Loving the Financial Crisis
Paul Krugman of the New York Times loves the financial crisis. He gets to write daily op-eds about how the Obama administration should spend even more money. Publicly disagree with him, and he gets to write another op-ed in which he calls you a bonehead. This bonehead -- I mean, Nobel Prize-winning economist -- has calculated that for every $1 the government spends, $1.50 in new GDP is created. By that logic, the government should spend all of its money to buy paper, ink, and printing presses and then just as the kids say, make it rain up in here.
Comedians love the financial crisis because it's the gift that keeps on giving. Have you heard about Ford's new car? It's a hybrid that runs on a combination of gas and bailout money (David Letterman). And you know Guantanamo Bay's going to be closed. Yes, the economy's so bad that even the terrorists are losing their homes (Jay Leno).
Rush Limbaugh loves the financial crisis. Rush has been on top of his game ever since the Democratic primaries, and now that the party is in control and recycling its failed "War on Poverty" policies and breaking its centrist campaign promises, there has never been a better time for him to ask America if this is what they voted for, and articulate alternatives. We can only hope that the White House attacks that have very likely doubled his audience in just the past few weeks help to create a grassroots conservative monster.
Hamas also loves the crisis. In October, Prime Minister Ismail Haniyeh said that the U.S. financial collapse was a punishment from Allah because we supported the Gaza siege. Now that we're paying $900 million to rebuild Gaza and giving scholarships to Palestinian students, I assume that Allah will spare us.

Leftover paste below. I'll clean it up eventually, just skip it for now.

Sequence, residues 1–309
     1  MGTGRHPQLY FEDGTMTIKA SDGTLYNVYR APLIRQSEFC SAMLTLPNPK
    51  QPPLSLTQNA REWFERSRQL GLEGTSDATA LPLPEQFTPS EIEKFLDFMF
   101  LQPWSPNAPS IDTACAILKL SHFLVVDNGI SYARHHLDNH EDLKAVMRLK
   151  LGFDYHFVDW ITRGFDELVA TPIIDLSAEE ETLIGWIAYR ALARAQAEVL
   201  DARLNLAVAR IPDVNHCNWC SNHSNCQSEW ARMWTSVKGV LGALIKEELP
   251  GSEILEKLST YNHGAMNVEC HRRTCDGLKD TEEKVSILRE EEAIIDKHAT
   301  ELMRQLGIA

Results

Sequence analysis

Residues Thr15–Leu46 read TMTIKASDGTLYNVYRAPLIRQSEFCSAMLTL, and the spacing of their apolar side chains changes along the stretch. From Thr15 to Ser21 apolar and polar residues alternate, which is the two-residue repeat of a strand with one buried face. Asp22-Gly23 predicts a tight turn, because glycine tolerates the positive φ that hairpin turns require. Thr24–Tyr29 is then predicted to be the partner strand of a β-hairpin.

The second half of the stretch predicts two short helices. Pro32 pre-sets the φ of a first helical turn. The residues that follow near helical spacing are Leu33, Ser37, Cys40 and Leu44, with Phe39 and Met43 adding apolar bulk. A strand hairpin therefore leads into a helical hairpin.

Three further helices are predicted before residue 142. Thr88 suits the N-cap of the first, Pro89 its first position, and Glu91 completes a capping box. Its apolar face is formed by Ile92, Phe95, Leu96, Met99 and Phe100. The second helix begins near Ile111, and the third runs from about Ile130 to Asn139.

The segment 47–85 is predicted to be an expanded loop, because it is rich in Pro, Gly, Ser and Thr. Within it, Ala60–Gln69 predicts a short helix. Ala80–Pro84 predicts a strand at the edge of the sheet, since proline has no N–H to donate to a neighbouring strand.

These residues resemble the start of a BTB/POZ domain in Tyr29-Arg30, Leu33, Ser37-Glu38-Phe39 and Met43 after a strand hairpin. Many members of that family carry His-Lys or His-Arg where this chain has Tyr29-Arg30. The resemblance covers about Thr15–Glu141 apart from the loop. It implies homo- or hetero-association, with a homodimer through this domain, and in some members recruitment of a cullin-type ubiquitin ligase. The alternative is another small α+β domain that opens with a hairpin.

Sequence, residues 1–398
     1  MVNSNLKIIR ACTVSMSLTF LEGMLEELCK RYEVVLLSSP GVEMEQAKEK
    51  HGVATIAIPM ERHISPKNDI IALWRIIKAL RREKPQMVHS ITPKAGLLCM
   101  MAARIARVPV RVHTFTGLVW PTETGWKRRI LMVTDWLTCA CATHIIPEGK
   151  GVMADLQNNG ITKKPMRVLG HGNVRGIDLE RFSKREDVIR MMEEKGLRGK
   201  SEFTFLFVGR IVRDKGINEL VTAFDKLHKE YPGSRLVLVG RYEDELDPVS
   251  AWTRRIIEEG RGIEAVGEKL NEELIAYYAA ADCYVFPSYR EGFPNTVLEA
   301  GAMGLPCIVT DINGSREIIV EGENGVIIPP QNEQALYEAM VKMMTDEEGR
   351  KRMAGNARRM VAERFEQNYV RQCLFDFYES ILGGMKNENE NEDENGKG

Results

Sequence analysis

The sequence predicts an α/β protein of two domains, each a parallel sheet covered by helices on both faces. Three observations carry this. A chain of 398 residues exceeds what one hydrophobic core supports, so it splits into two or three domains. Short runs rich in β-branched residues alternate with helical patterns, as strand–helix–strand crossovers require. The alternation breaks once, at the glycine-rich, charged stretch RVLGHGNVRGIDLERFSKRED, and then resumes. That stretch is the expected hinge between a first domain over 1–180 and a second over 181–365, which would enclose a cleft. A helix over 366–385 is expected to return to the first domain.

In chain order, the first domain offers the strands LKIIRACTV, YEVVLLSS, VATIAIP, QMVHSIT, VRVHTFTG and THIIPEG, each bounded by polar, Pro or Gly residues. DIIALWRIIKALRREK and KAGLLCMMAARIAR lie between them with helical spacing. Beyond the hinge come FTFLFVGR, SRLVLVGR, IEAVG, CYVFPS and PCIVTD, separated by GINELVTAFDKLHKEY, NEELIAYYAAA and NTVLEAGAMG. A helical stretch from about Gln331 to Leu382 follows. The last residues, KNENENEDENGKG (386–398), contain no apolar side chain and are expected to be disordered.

Rahm Emmanuel and Hillary Clinton love not just the financial crisis, but any crisis. And why shouldn't they? They're not the ones who get stuck with the check when the government screws up.
Those infamous "community organizers" love the crisis. Perhaps you were wondering what ever happened to those rock throwing delinquents that have followed the World Trade Organization, the World Bank, and the G8 everywhere they've gone since 1999. (Except to Singapore. Nobody messes with Singapore.) Now they're shutting down Greece, ousting prime ministers in Iceland, rioting in Eastern Europe, torching BMWs in Germany, targeting foreclosure auctions in New York and CEO's homes in Connecticut, striking and picketing parliament in London, and waving the hammer and sickle in Moscow. Track their progress here. And 2.5 million people are striking in France, proving that it is possible to actually surrender to a recession.
Nouriel Roubini loves the economic crisis. Nicknamed Dr. Doom, he is interviewed by Forbes, Bloomberg, CNBC, and other news media whenever they want a dire prediction of multi-trillion dollar banking losses. We can assume that book sales and consulting revenues are up. His claim to fame is that he predicted the real estate crash and stock market collapse. Kudos to financial writer Eric Tyson for noting that this college professor, who has no special access to economic data, also predicted a recession in 2004, 2005, 2006, and 2007. Of course, he is just one of many analysts that have been forecasting financial Armageddon for years and are now enjoying the spotlight.
Even some banks love the financial crisis. Northern Trust, fed up by government condemnation of a lavish party that they threw in February, decided to give their TARP money back and said that they didn't even want it in the first place. Northern was founded in 1896 and has a reputation for conservative management. It survived the Great Depression with no government assistance. And now, this medium-sized Midwestern bank is worth more than Citigroup and half as much as Bank of America. Perhaps instead of criticizing them, Congress should be asking for their advice.
And I love the financial crisis because I can write articles like this. Does anyone else love the financial crisis? Let me know.